Sexual exploitation, forced labour top report on Lagos shelter homes
A Non-governmental organisation, Cleen Foundation, has stated that sexual exploitation and forced labour are the most prevalent forms of trafficking in persons and forced migration.
It added that while an estimate of one in three women experience physical or sexual violence in her lifetime, which is a common feature of human trafficking, this undermines the health of victims, including sexual and reproductive health consequences, from continuous abortions and sexually transmitted diseases.
This was disclosed at its public presentation of findings on the gender audit report of shelters and safe homes in Lagos, with focus on preventing forced migration and trafficking of women and girls in Nigeria to build resilience and promote sustainable development.
In attendance were representatives from the National Agency for Prohibition of Trafficking in Persons (NAPTIP), National Human Rights Commission (NHRC), Nigeria Police Force (NPF), Nigeria Immigration Service (NIS), Ministry of Youth and Social Development and civil society organisations (CSOs).
Speaking at the event, Executive Director of the Foundation, Benson Ougbuo, said findings from the reports show that there is no known uniform referral mechanisms, guidelines or data collation template in the state, even though the national monitoring centre, domiciled with NAPTIP exist, as awareness and access of its existence are limited.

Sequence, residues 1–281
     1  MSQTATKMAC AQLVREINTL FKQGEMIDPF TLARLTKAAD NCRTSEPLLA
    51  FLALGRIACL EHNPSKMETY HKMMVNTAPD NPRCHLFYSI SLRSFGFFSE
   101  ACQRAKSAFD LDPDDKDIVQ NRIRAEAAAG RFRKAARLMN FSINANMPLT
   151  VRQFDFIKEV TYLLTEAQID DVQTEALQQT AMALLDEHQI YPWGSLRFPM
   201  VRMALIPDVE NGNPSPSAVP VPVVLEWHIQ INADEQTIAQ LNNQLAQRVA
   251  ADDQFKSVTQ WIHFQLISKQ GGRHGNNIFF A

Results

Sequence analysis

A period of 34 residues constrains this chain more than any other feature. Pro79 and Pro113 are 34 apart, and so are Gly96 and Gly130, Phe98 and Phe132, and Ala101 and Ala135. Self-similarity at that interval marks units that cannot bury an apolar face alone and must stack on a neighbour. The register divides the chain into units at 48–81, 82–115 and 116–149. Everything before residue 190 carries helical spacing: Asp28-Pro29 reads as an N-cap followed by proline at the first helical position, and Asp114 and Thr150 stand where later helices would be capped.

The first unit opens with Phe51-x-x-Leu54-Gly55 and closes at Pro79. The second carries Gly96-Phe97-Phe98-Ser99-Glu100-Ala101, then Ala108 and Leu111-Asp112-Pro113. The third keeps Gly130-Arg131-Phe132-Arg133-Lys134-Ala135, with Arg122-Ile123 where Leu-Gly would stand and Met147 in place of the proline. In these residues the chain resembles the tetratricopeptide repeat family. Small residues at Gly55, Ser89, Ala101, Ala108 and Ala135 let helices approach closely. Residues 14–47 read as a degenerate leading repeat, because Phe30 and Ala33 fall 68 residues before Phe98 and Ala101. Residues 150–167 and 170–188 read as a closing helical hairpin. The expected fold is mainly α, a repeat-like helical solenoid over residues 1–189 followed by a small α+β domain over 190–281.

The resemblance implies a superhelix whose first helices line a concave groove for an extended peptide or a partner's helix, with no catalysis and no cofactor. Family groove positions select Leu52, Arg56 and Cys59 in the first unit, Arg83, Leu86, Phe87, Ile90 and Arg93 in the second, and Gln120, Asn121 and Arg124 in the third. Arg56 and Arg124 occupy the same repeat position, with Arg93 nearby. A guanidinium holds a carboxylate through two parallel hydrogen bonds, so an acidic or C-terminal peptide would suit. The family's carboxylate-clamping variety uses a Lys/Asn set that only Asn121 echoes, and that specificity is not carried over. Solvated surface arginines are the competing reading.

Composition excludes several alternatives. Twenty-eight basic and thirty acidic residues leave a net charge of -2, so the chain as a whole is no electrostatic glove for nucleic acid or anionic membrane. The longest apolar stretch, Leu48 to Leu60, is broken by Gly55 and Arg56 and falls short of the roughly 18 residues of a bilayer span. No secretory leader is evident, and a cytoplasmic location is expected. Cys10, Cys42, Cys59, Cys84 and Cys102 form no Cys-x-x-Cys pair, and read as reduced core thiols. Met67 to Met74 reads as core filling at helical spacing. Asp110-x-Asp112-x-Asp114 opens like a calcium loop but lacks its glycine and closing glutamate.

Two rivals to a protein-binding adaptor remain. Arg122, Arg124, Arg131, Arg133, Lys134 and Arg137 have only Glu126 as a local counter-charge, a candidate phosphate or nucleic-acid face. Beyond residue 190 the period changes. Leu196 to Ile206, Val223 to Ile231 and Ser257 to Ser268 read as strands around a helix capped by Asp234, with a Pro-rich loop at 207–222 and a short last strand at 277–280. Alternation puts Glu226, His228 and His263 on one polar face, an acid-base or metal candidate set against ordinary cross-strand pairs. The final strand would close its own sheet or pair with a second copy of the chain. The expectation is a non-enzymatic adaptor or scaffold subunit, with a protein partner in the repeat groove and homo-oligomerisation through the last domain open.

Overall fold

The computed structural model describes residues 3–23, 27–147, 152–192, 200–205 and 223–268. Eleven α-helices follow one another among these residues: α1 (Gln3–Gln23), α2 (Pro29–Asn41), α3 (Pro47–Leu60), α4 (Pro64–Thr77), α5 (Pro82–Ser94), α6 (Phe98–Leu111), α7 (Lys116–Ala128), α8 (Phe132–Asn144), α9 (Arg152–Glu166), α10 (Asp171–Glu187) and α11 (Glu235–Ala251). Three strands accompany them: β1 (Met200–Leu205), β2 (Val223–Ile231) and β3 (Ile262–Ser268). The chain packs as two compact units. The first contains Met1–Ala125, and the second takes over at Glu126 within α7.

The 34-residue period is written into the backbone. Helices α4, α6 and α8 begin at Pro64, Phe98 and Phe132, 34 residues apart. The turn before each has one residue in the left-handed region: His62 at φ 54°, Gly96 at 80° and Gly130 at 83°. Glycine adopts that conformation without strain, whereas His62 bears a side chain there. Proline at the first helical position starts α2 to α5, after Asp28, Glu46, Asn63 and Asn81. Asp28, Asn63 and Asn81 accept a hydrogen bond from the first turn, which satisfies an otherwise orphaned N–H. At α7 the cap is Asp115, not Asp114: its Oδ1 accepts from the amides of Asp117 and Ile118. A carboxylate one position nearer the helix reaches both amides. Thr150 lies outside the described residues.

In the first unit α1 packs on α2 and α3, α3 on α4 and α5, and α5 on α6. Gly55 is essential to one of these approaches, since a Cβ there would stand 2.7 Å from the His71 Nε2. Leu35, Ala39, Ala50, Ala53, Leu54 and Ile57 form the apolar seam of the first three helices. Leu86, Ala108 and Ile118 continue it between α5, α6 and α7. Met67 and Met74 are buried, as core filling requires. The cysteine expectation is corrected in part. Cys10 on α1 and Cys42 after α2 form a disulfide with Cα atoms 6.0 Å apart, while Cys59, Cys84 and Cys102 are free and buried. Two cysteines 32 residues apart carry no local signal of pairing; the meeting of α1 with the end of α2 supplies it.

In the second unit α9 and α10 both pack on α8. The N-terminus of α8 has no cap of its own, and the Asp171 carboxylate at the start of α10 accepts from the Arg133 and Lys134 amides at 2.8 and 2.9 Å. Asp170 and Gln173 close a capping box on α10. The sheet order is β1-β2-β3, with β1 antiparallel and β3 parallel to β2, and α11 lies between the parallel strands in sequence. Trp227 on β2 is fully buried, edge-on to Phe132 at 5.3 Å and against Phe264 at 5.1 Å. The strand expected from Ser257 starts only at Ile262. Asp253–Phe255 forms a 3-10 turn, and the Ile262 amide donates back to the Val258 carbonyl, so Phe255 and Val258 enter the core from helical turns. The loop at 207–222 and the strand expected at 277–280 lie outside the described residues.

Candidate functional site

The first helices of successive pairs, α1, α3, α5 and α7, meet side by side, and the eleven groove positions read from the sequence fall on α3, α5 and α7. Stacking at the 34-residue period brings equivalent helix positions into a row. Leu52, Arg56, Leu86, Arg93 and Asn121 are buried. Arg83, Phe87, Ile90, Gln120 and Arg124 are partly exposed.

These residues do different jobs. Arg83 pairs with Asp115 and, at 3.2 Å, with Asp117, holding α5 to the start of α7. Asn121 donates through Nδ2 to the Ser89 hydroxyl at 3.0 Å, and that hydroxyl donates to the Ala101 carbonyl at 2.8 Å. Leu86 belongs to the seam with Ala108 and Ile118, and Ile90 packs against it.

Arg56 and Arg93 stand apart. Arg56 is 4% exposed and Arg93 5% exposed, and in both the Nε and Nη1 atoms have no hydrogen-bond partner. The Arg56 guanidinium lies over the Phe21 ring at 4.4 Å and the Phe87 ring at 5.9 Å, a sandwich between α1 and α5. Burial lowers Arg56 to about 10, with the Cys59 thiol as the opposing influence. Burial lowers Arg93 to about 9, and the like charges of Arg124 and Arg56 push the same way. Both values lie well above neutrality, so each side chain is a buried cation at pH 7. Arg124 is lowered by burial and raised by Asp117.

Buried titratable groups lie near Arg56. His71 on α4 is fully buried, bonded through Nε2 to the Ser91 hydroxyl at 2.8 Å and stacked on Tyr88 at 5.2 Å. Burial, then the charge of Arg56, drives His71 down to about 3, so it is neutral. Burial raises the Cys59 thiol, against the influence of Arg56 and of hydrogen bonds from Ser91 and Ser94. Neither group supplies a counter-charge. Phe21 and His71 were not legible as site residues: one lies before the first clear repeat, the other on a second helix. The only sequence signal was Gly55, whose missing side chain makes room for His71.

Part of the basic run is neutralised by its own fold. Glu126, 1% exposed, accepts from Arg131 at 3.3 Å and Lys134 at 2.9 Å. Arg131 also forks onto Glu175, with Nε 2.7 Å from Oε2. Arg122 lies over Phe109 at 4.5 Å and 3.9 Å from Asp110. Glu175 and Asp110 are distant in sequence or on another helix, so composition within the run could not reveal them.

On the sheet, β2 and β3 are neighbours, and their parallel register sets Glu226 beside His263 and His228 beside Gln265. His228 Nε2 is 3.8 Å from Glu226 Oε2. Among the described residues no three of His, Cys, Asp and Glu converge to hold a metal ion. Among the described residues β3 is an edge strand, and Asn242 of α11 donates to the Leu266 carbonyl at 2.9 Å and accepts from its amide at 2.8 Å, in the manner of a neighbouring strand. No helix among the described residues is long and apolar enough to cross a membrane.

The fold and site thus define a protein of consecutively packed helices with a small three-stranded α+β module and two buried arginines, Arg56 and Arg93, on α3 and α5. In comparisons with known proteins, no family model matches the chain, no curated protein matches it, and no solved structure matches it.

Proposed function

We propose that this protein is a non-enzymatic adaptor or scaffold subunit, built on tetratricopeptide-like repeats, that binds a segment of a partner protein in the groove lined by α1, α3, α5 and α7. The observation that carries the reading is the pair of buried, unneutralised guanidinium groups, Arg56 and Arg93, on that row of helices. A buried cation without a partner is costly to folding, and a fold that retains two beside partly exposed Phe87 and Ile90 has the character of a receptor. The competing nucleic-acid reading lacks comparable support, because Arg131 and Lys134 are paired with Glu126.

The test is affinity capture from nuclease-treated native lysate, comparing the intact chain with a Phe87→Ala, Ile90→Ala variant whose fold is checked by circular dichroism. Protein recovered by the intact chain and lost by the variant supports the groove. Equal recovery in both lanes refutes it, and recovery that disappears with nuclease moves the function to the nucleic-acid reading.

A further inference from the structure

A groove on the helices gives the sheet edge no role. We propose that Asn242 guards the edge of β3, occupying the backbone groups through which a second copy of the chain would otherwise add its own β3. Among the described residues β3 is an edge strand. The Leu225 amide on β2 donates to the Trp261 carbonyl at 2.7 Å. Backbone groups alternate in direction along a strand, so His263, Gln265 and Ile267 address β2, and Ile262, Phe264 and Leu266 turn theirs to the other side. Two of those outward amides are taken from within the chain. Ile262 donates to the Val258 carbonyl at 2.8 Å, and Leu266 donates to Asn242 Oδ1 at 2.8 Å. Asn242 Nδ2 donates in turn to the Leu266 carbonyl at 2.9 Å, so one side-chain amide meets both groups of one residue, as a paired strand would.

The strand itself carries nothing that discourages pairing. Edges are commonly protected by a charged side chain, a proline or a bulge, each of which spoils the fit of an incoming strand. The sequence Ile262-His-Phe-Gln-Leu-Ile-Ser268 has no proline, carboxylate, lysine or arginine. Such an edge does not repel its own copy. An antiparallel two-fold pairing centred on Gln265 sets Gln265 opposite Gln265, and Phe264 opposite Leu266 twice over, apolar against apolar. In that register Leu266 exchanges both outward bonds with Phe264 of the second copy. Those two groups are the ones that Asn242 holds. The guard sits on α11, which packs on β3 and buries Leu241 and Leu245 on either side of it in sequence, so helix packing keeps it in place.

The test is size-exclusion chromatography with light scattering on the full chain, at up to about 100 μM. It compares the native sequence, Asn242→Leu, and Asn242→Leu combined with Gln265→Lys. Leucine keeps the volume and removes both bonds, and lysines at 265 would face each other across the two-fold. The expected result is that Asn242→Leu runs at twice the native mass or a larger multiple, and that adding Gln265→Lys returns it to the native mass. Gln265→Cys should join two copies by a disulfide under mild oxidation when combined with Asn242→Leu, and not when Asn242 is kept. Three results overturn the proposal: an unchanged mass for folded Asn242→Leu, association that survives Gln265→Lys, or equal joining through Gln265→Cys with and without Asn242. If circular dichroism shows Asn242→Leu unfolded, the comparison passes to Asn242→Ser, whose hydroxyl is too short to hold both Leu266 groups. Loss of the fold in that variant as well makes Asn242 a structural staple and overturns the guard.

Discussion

The audit also revealed that some organisations, CSOs in particular, are not conversant with guidelines on national referral mechanisms for protection and assistance to trafficked persons in Nigeria and the national labour migration policy of 2014, with security agencies are better informed in this regard.
There is also limited knowledge of the provisions and implementation of the revised 2015 Trafficking in Persons, Enforcement and Administration Act, which is critical to strengthening the technical capacity of all frontline protection service providers and provide specific gender training on trafficking and forced migration.
Consultant on the gender audit project and lawyer, Emmanuela Azu, said from the findings, there was an urgent need to strengthen gender specific protection service rendered to women and girls who are victims of trafficking and forced migration.
Pointing at limited financial resources available to service providers, she stressed the need for holistic coordination and mechanism guidelines at state level to enhance the quality of services to victims, adding: “There should be specilaised skills to meet the needs of victims for justice, safety, medical, psychosocial support, safe home/shelter and skills acquisition.”
No comments yet